The Orion spacecraft swooped just 130 kilometres above the lunar surface on 21 November — the closest a capsule designed to hold people has been to the Moon in half a century. In the lunar darkness, the capsule, which launched as part of the Artemis I mission last week, flew directly over Tranquility Base: the landing site of Apollo 11 where, in July 1969, Neil Armstrong and Buzz Aldrin became the first humans to walk on the Moon.
“Today was a terrific day,” Howard Hu, NASA’s Orion programme manager at Johnson Space Center in Houston, Texas, said at a press briefing.
Orion, a joint venture of NASA and the European Space Agency, is on an uncrewed test flight to see how its capsule holds up under the stresses of deep space. So far, the spacecraft, which could carry astronauts to the Moon in as little as two years, has been doing about as well as mission controllers could have hoped, Hu said: “We have seen really good performance across the board.”
Engineers are working to troubleshoot several small glitches, such as occasional problems with Orion’s star-tracking navigational system that are probably due to damage from space radiation, as well as some intermittent issues with the electrical system that ferries power from Orion’s four solar arrays to the capsule.
The spacecraft launched on 16 November, on the first-ever flight of NASA’s powerful new Space Launch System rocket, for a 26-day voyage around the Moon. Having travelled from Earth to the Moon and performed a 2.5-minute engine burn to make its fly-by, Orion has just about finished the first of three legs of its journey. On 25 November, it will burn its engines to send it into the second part of its trip, a ‘distant retrograde orbit’ of the Moon that will carry it 432,000 kilometres from Earth at its farthest point.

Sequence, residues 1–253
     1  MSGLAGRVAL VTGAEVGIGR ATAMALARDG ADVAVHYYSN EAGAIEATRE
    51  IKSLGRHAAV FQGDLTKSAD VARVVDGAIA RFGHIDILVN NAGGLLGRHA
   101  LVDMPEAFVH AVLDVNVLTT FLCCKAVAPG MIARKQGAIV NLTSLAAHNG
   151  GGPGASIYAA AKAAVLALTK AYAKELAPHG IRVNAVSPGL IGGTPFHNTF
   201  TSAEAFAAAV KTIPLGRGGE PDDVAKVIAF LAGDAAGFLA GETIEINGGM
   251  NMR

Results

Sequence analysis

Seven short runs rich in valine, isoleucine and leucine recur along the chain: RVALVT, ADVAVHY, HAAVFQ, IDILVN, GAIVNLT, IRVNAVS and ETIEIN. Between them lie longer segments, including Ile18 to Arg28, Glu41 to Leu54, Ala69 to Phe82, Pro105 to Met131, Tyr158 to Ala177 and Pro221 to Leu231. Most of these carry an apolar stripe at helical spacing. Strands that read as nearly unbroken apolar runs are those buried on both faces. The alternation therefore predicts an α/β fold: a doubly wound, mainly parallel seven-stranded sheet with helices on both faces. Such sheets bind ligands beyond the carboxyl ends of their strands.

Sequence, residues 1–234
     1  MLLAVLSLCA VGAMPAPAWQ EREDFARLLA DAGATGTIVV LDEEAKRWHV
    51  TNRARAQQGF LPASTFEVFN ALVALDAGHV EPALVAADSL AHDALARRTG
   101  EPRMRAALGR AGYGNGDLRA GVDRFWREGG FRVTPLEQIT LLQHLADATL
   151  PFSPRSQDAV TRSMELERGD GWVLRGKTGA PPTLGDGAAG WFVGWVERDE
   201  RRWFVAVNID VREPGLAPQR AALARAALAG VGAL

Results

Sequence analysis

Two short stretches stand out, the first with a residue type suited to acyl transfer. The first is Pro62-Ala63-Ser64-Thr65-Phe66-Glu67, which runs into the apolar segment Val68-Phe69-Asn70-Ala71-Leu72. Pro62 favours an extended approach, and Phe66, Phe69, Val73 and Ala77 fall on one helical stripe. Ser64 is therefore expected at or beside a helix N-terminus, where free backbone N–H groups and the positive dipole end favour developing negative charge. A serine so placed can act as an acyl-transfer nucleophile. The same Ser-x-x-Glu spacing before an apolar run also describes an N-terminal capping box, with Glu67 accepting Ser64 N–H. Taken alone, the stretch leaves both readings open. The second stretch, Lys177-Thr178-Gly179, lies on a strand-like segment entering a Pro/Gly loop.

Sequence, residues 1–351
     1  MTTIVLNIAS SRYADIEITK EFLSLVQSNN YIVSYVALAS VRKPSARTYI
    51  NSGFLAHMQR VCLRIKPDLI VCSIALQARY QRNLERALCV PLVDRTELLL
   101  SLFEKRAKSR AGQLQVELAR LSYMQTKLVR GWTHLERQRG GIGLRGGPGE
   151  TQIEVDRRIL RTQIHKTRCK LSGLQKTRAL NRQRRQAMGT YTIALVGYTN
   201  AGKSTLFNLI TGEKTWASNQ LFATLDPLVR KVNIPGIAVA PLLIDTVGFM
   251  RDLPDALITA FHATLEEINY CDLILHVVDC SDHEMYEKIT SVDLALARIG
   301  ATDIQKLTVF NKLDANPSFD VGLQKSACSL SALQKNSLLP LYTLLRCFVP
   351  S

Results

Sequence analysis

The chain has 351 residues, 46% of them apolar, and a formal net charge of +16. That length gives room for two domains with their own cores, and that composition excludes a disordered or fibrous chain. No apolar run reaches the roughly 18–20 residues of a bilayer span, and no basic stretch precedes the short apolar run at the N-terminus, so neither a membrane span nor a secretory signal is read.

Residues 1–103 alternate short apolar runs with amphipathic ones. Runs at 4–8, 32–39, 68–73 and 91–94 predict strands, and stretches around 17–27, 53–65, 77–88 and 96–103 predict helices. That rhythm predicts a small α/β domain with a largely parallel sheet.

Images from the journey so far show Orion glimmering in reflected sunlight in deep space, occasionally with Earth appearing as a pale blue dot in the distance, or with the Moon as a looming grey presence. NASA has also released pictures of the capsule’s interior, where a mannequin known as a moonikin watches over control panels and a small stuffed Snoopy toy floats around as an indicator of zero gravity. Flight director Judd Frieling, also at Johnson Space Center, said that more video footage would be released soon, and that a low-resolution livestream from Orion is now available whenever communication bandwidth allows.
Artemis I is the first in a series of missions that NASA intends to launch as it prepares to return astronauts to the Moon. The next flight of Orion, Artemis II, is meant to carry four astronauts around the Moon and back as early as 2024. After that, Artemis III aims to land humans at the lunar south pole, in the first crewed landing since Apollo 17 in 1972.
The Artemis I launch also carried ten small satellites into space, most of which have scientific missions. Of those, eight have been reported to have established communications with controllers after launch. But one of them, a miniature Japanese Moon lander named OMOTENASHI, began tumbling out of control and was declared lost by the Japan Aerospace Exploration Agency. Of the two whose status is unknown, one is a solar sail designed to fly past a near-Earth asteroid. That mission, known as NEA Scout, successfully deployed after the Artemis I launch but has not been heard from since.
Separately, a small spacecraft called CAPSTONE, which launched from Earth in June and encountered some problems in September, entered its own lunar orbit on 13 November. It is flying an elliptical path over the Moon’s poles, a trajectory meant to be used by a future NASA lunar space station known as Gateway.